STATISTICALLY SPEAKING, those born in the '80s and early '90s discovered the roleplaying genre thanks to Sony's first PlayStation. The success of Final Fantasy VII spawned a wealth of Japanese-style RPGs throughout the mid-'90s, and as a result, big-eyed, angsty youths battling existential angst has become its own subgenre. Though that type of game has, in recent years, been supplanted by Western-style RPGs, there's still something comfortable about a game that adheres to tradition. A game, say, like Atelier Meruru: The Apprentice of Arland.
For the most part, Atelier Meruru strictly adheres to its classic JRPG roots: Battles are turn-based, enemies are adorably stylized, and the majority of its cast members are bubbly teenagers with fantastic powers. That said, this is also a game that relies heavily on its item-crafting component, so while it is superficially a lighthearted, traditional fantasy adventure, the game's replayability and novelty is heavily bolstered by the fact that you'll spend much of your time searching for rare components to use in new item recipes. The mechanic doesn't have quite the addictive appeal of, say, Pokémon, but it certainly offers something unique in a title that's largely derivative of genre tropes.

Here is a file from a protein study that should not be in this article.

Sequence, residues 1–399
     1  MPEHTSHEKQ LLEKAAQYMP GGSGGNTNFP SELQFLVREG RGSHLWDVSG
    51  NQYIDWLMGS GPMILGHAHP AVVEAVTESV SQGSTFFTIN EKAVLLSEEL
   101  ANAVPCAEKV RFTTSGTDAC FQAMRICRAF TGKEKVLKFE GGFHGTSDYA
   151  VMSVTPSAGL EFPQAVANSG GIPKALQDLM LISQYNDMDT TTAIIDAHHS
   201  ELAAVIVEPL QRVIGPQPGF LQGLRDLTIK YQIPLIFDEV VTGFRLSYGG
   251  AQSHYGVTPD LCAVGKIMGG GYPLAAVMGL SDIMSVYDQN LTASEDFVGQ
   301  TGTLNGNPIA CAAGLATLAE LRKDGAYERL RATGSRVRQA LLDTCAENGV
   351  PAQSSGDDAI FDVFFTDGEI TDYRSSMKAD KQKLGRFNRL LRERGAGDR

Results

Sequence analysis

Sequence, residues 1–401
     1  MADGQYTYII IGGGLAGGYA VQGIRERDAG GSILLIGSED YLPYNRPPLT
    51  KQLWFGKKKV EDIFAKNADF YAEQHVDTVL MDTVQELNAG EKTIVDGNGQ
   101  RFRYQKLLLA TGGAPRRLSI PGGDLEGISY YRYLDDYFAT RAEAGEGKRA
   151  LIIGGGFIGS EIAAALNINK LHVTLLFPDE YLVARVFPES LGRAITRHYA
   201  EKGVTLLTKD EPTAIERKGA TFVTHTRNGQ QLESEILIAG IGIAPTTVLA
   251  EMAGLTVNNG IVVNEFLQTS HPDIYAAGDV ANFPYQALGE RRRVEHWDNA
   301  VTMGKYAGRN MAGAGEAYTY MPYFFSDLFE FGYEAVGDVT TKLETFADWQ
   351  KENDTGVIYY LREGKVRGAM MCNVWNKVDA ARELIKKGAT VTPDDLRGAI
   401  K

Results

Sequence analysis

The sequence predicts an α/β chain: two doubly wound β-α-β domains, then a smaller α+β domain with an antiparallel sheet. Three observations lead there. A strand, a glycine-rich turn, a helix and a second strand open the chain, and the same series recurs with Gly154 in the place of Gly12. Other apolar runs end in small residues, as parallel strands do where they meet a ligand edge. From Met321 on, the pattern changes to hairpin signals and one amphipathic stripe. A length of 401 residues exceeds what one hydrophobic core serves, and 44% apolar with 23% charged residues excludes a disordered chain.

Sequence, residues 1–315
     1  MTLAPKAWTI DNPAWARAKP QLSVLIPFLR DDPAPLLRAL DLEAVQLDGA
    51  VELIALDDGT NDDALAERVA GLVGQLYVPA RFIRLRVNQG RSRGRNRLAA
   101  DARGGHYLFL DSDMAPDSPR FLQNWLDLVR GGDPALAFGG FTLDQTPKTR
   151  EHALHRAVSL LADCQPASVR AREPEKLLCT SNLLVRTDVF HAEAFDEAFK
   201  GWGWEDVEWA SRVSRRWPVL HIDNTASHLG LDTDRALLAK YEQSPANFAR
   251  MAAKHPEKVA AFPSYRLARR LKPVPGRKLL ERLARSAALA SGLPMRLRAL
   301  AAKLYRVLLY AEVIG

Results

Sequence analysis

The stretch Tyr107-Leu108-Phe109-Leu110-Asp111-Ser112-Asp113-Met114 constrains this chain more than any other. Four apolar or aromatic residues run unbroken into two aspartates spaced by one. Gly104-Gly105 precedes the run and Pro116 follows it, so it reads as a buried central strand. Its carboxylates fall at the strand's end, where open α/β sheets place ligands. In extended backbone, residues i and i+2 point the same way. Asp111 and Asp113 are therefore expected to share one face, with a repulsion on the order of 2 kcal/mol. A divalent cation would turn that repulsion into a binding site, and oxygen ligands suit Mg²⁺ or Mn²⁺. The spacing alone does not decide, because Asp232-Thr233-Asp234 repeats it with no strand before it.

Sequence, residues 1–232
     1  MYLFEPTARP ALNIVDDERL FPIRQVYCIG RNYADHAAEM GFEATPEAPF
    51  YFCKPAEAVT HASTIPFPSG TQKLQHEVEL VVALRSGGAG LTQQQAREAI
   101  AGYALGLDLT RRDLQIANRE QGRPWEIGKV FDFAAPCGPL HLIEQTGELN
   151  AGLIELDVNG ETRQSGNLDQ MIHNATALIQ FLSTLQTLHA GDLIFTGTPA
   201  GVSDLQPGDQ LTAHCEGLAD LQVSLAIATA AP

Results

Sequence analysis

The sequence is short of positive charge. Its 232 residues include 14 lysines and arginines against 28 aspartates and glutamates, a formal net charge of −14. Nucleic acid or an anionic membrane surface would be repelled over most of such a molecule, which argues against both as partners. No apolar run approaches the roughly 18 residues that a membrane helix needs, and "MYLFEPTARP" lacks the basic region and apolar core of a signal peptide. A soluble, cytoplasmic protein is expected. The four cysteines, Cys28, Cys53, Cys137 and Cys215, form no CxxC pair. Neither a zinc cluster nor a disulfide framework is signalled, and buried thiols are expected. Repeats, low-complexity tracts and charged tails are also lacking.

Normally, such a reliance on archaic ideas would be a turnoff—but Atelier Meruru works because, despite a few minor technical glitches, this game offers a now-rare experience. The characters are all likeable, if two-dimensional, and the adherence to tradition means that Atelier Meruru is instantly accessible to a huge audience. Though it won't overshadow modern blockbuster titles like Mass Effect 3, Atelier Meruru seems content to offer players a glimpse of how things used to be—and I'd be lying if I said that doesn't have a certain appeal.